Debates of the Senate (Hansard)

1st Session, 41st Parliament,
Volume 148, Issue 9

Tuesday, June 21, 2011
The Honourable Noël A. Kinsella, Speaker

Baha’i People in Iran

Inquiry—Debate Adjourned

Hon. Mobina S. B. Jaffer rose pursuant to notice of June 9, 2011:

That she will call the attention of the Senate to the deteriorating human rights situation of the Baha’i people in Iran.

She said: Honourable senators, I rise before you today to call the attention of the Senate to the deteriorating human rights situation of the Baha’is in Iran. I would like to begin by addressing the more general topic of the human rights situation in Iran and its relevance for Canada. Before I do that, I would like to recognize the work of my dear friend, Susanne Tamas, who is here in the gallery with us, along with Geoffrey Cameron. They are strong advocates of the Baha’i community of Canada.

Despite the difficult relationship between Canada and Iran, we are bound together by strong human ties. Canada is home to a growing Iranian diaspora and the family and friends of Iranian citizens. Indeed, we are well-wishers of Iran, a great nation with an ancient culture and much to offer the modern world. Canada, as a country that prides itself on our culture of rights and diversities, stands in solidarity with those who are working for the same values and goals in Iran.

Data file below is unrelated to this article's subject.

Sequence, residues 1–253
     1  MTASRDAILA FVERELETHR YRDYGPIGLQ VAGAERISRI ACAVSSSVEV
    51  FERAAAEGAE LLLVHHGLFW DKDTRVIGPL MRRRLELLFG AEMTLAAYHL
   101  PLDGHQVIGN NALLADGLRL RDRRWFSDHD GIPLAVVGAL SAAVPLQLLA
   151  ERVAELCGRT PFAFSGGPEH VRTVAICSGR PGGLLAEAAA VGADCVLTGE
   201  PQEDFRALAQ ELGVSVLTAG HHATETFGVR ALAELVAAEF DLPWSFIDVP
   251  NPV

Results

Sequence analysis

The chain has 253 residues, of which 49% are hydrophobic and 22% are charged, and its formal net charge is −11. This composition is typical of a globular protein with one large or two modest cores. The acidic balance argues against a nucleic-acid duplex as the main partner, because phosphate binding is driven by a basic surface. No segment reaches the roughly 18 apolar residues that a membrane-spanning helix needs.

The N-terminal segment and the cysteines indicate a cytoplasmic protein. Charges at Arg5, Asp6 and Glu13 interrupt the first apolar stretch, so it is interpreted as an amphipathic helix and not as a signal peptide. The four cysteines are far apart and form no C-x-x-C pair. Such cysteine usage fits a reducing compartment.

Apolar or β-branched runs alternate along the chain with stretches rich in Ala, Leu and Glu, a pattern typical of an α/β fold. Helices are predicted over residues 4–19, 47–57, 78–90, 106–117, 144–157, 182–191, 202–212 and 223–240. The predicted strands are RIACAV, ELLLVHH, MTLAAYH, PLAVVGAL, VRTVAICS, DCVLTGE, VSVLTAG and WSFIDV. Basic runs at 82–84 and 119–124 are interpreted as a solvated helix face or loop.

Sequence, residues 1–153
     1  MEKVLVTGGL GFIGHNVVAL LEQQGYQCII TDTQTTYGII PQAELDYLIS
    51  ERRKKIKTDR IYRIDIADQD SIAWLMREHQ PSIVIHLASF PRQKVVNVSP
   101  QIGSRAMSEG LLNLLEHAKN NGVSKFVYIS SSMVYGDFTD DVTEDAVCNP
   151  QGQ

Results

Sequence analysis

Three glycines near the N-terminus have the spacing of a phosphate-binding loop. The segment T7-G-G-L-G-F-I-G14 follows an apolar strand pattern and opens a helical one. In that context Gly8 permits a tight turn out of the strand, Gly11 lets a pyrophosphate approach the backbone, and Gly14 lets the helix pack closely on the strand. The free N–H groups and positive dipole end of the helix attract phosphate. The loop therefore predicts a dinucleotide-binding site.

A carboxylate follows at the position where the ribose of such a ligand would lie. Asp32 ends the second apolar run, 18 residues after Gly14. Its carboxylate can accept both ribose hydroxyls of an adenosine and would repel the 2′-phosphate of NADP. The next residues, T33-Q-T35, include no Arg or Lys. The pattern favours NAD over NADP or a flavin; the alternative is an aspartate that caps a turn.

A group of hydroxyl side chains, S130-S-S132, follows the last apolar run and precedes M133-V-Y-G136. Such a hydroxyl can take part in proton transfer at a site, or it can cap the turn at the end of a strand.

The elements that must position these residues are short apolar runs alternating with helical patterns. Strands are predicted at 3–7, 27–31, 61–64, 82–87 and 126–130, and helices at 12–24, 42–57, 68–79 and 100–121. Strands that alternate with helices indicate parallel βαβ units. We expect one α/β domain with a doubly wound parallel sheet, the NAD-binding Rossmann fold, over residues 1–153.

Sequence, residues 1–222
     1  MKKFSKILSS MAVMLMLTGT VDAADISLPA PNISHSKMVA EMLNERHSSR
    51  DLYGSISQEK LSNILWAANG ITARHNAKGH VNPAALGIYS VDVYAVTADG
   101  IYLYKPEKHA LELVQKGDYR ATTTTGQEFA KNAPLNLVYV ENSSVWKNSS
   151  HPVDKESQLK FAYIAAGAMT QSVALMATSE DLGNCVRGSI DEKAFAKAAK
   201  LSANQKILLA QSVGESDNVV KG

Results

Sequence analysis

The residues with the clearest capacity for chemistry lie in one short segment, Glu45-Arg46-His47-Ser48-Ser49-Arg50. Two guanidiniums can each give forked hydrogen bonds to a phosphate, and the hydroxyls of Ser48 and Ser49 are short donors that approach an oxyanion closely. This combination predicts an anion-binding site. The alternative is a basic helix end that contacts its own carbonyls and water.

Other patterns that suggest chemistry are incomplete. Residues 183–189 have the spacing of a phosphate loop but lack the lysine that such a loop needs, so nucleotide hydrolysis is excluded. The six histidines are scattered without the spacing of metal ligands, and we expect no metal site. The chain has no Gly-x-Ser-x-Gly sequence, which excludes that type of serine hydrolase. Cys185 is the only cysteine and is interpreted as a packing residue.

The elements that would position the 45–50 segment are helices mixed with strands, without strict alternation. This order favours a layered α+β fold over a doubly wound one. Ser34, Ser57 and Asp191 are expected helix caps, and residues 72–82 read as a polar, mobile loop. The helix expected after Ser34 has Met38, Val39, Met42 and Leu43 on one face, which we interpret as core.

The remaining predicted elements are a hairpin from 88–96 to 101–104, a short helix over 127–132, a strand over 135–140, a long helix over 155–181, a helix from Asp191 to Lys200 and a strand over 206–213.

While Iran remains an ongoing security concern because of its nuclear program, we must not divert attention from the severe and worsening human rights situation. As we know, real and lasting security rests on the pillars of human rights, democratic governance and the rule of law.

As former UN Secretary-General Kofi Annan stated in 2005 the world “must advance the causes of security, development and human rights together, otherwise none will succeed.”

That is why the Parliament and Government of Canada have remained seized of the human rights situation in Iran for many years. We must not waver in our support of Iranian citizens’ efforts to bring about progressive change.

The Iranian government continues to prosecute a brutal campaign of oppression against its citizens. Last September, the UN catalogued the abuses perpetrated by Iran, including torture and cruelty, inhumane or degrading treatment or punishment, public executions and executions of juvenile defenders, the use of stoning as a measure of execution, violation of women’s rights, violations of the rights of minorities, and restrictions on freedom of assembly and association and freedom of opinion and expression. Such brutality has become the hallmark of a government that pays little attention to the dignity of its own citizens. Iran is negligent of both its ancient traditions and its international obligations to uphold universal standards of human rights.

The human rights situation in Iran continues to worsen day by day. Last January, Human Rights Watch warned of a deepening human rights crisis. In April, the U.S. Commission on International Religious Freedom reported that human rights and religious freedom conditions in Iran have regressed to a point not seen since the early days of the Islamic revolution. The worsening human rights situation affects all Iranians, and time does not permit me to do justice to all those suffering at the hands of the authorities.